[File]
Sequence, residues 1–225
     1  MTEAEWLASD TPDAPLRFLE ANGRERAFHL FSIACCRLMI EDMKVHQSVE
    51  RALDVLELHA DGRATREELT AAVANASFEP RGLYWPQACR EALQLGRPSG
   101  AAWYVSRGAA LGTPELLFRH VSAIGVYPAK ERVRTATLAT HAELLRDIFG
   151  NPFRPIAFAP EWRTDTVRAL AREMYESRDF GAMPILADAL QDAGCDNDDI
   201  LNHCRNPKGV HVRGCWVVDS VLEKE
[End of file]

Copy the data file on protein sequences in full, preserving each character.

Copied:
Sequence, residues 1–225
     1  MTEAEWLASD TPDAPLRFLE ANGRERAFHL FSIACCRLMI EDMKVHQSVE
    51  RALDVLELHA DGRATREELT AAVANASFEP RGLYWPQACR EALQLGRPSG
   101  AAWYVSRGAA LGTPELLFRH VSAIGVYPAK ERVRTATLAT HAELLRDIFG
   151  NPFRPIAFAP EWRTDTVRAL AREMYESRDF GAMPILADAL QDAGCDNDDI
   201  LNHCRNPKGV HVRGCWVVDS VLEKE